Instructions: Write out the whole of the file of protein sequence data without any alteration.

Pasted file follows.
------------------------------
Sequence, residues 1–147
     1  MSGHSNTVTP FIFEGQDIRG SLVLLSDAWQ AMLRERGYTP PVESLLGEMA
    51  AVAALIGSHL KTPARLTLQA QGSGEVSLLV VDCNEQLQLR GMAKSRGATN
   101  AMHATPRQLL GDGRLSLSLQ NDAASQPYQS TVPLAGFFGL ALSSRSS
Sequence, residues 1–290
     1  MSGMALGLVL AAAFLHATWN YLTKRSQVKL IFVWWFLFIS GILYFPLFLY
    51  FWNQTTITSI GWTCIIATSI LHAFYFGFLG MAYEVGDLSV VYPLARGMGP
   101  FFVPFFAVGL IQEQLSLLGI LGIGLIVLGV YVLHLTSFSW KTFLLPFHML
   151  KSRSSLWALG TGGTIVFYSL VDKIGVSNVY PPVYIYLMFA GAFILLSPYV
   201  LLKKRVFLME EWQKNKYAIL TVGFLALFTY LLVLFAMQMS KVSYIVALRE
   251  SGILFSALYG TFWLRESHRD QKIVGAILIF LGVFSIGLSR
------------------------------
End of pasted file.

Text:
Sequence, residues 1–147
     1  MSGHSNTVTP FIFEGQDIRG SLVLLSDAWQ AMLRERGYTP PVESLLGEMA
    51  AVAALIGSHL KTPARLTLQA QGSGEVSLLV VDCNEQLQLR GMAKSRGATN
   101  AMHATPRQLL GDGRLSLSLQ NDAASQPYQS TVPLAGFFGL ALSSRSS
Sequence, residues 1–290
     1  MSGMALGLVL AAAFLHATWN YLTKRSQVKL IFVWWFLFIS GILYFPLFLY
    51  FWNQTTITSI GWTCIIATSI LHAFYFGFLG MAYEVGDLSV VYPLARGMGP
   101  FFVPFFAVGL IQEQLSLLGI LGIGLIVLGV YVLHLTSFSW KTFLLPFHML
   151  KSRSSLWALG TGGTIVFYSL VDKIGVSNVY PPVYIYLMFA GAFILLSPYV
   201  LLKKRVFLME EWQKNKYAIL TVGFLALFTY LLVLFAMQMS KVSYIVALRE
   251  SGILFSALYG TFWLRESHRD QKIVGAILIF LGVFSIGLSR